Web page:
Love and Bananas takes you along to an elephant sanctuary in Cambodia and on the rare and often dangerous journey to rescue an elephant from a trekking farm. Experience the tragic fate of Asian Elephants and the immense love of those working to save them through the lens of Ashley Bell and her crew. Education is the first step to save a species, and Bell exposes the audience to all the heartbreak and hope that comes along for this ultimately heartwarming journey. (HM: 3.5/5)
Review by FF2 Intern Hannah Mayo
Director Ashley Bell (previously known for her role in The Last Exorcism) first traveled to Elephant Nature Park in Thailand years before the exciting elephant rescue. The park is a sanctuary for elephants previously the victims of exploitation by the tourist and service industries. Here we meet Lek Chailert, who was named TIME Magazine’s Hero of Asia (2005) for her daring work to end abuse in elephant trekking farms.
Every single elephant on Lek’s reserve was rescued from the trekking industry. Between cruel practices like Pajan (the “crush box,” a form of emotional abuse to separate baby elephants from their mothers’ influence) and mass habitat loss as a result of deforestation, elephant populations around the world are rapidly falling. Even with the brave work of those fighting to protect these beautiful animals, elephant rescues are extremely rare. With the dim hope we are given by the good work of the people at Elephant Nature Park, we go home to the United States with Bell to await the next opportunity to return to Thailand for an elephant rescue.
And suddenly, a couple of years later, the day arrives. Lek summons Bell and her crew to pack off again to Thailand. When we arrive, she explains to us the dangers of an elephant rescue. The rescue crew have to drive 400 miles through the night to a trekking farm, where they will meet the owner of Noi Na, the elderly female elephant they are determined to bring back home.
The rescue is without challenges even from the beginning. The owner might decide to back out, or the elephant may be too sick to travel. Not to mention the difficulty of transporting Noi Na from the trekking camp and all the way back to the reserve: terrified elephants don’t walk onto trucks willingly. Once Noi Na is secured in the truck, their problems really begin, and the danger becomes very real.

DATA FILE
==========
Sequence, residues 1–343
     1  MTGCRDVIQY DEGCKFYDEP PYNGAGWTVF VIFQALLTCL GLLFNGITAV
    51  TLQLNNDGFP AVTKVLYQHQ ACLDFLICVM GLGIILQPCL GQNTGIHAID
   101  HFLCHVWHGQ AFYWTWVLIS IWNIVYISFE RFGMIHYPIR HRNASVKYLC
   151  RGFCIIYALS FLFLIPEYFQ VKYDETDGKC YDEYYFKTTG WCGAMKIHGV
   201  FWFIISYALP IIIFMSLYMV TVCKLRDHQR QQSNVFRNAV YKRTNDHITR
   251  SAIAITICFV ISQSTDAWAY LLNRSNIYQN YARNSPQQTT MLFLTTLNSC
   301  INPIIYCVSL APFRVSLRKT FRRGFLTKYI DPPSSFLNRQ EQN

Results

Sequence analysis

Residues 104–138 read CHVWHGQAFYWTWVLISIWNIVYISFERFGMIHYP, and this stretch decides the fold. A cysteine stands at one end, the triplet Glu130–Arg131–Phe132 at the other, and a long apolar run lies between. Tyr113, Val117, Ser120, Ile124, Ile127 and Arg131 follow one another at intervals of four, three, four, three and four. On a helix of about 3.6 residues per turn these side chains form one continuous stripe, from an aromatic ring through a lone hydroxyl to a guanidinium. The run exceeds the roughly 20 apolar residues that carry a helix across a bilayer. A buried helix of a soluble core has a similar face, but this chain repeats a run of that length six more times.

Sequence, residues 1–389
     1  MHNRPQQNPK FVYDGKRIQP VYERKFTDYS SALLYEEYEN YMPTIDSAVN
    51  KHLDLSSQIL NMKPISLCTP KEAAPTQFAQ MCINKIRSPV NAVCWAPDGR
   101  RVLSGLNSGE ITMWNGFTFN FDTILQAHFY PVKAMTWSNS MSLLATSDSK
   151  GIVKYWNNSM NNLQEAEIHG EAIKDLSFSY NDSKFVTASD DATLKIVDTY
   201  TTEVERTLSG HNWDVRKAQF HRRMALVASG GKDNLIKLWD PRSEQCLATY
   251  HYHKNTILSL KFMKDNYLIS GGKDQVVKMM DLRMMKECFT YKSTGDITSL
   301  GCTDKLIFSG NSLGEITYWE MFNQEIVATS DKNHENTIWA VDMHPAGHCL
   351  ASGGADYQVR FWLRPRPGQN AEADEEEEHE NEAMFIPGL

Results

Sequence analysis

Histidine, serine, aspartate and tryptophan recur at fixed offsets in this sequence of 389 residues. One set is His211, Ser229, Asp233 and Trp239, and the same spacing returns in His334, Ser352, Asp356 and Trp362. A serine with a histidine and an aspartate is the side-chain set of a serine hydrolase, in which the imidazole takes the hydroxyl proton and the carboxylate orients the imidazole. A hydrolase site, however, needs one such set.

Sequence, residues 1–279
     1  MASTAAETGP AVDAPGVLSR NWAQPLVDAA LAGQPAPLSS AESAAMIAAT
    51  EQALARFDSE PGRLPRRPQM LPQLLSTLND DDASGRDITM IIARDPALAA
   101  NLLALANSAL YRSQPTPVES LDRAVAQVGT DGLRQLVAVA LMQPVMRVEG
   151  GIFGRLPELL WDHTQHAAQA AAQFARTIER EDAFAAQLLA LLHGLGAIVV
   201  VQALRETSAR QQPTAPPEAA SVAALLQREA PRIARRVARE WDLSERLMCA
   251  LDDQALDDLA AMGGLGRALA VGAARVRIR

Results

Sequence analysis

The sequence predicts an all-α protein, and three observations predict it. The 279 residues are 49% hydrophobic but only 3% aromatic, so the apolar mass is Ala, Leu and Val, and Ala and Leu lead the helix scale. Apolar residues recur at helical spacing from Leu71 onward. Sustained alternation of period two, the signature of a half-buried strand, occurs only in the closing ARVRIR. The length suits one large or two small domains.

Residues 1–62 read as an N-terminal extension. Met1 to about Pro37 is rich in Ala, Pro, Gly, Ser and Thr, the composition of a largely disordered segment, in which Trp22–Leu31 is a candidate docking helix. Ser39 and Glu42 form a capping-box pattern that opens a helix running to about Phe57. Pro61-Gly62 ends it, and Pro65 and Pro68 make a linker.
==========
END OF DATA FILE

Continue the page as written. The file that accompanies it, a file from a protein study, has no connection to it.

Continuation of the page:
Bell and her crew do a great job of bringing us into the experience of the trip in all its moments of ecstasy and turmoil. With simple, classic editing and cinematic style, pretty much every element of a good documentary is employed to tug at our hearts with the pain of the elephants’ story, and to make the message really stick with the audience: the elephants have to be saved. There is no shying away from the reality of what these elephants go through, and between this horror and the stress of watching the actual elephant rescue itself I was anxious for most of the film.
But this stress is rewarded with the joyful spirits brought by the elephants that have been rescued and the heartwarming overarching story of the whole documentary. Of course, the joy brought by watching the elephants live happy, healthy lives on the sanctuary easily makes it worth the watch. In the end, despite the hardship along the way, I was left with an overwhelming sense of hope for the cause and a motivation to spread the message. Although there is nothing special about how the documentary was done, Bell allows the story to shine for itself, and that alone makes it worth the watch.
© Hannah Mayo (8/2/18) FF2 Media
Top Photo: Lek Chailert and one of her elephants.
Middle Photo: Elephants at a trekking farm take their first mud bath.
Bottom Photo: The trekking camp owner, Ashley Bell, and Lek Chailert.
Photo Credits: Max Ritter
Bell and Chailert, both women, are the main human role-players in this story, and their conversations are all about the elephants.